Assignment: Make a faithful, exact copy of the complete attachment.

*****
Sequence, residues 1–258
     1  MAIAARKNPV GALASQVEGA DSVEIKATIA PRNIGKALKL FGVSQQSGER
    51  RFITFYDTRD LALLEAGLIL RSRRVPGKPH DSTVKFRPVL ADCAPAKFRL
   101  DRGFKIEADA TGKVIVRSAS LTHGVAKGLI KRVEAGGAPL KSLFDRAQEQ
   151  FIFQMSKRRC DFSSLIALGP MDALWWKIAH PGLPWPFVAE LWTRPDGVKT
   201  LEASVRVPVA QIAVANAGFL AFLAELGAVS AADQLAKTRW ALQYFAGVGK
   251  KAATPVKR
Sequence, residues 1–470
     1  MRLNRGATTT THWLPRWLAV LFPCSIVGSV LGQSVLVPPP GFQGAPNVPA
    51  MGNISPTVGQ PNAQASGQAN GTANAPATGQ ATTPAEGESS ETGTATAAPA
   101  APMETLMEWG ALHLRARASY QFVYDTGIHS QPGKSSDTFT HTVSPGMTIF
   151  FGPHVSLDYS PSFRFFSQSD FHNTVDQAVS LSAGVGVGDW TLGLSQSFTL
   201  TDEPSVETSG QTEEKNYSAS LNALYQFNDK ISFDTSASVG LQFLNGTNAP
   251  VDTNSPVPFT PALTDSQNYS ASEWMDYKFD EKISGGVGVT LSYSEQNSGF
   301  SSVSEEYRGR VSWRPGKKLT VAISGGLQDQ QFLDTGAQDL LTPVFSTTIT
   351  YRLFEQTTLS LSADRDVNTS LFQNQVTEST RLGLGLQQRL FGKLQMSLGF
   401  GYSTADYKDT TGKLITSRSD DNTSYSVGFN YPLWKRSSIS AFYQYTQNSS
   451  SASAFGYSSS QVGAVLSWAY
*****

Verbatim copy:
Sequence, residues 1–258
     1  MAIAARKNPV GALASQVEGA DSVEIKATIA PRNIGKALKL FGVSQQSGER
    51  RFITFYDTRD LALLEAGLIL RSRRVPGKPH DSTVKFRPVL ADCAPAKFRL
   101  DRGFKIEADA TGKVIVRSAS LTHGVAKGLI KRVEAGGAPL KSLFDRAQEQ
   151  FIFQMSKRRC DFSSLIALGP MDALWWKIAH PGLPWPFVAE LWTRPDGVKT
   201  LEASVRVPVA QIAVANAGFL AFLAELGAVS AADQLAKTRW ALQYFAGVGK
   251  KAATPVKR
Sequence, residues 1–470
     1  MRLNRGATTT THWLPRWLAV LFPCSIVGSV LGQSVLVPPP GFQGAPNVPA
    51  MGNISPTVGQ PNAQASGQAN GTANAPATGQ ATTPAEGESS ETGTATAAPA
   101  APMETLMEWG ALHLRARASY QFVYDTGIHS QPGKSSDTFT HTVSPGMTIF
   151  FGPHVSLDYS PSFRFFSQSD FHNTVDQAVS LSAGVGVGDW TLGLSQSFTL
   201  TDEPSVETSG QTEEKNYSAS LNALYQFNDK ISFDTSASVG LQFLNGTNAP
   251  VDTNSPVPFT PALTDSQNYS ASEWMDYKFD EKISGGVGVT LSYSEQNSGF
   301  SSVSEEYRGR VSWRPGKKLT VAISGGLQDQ QFLDTGAQDL LTPVFSTTIT
   351  YRLFEQTTLS LSADRDVNTS LFQNQVTEST RLGLGLQQRL FGKLQMSLGF
   401  GYSTADYKDT TGKLITSRSD DNTSYSVGFN YPLWKRSSIS AFYQYTQNSS
   451  SASAFGYSSS QVGAVLSWAY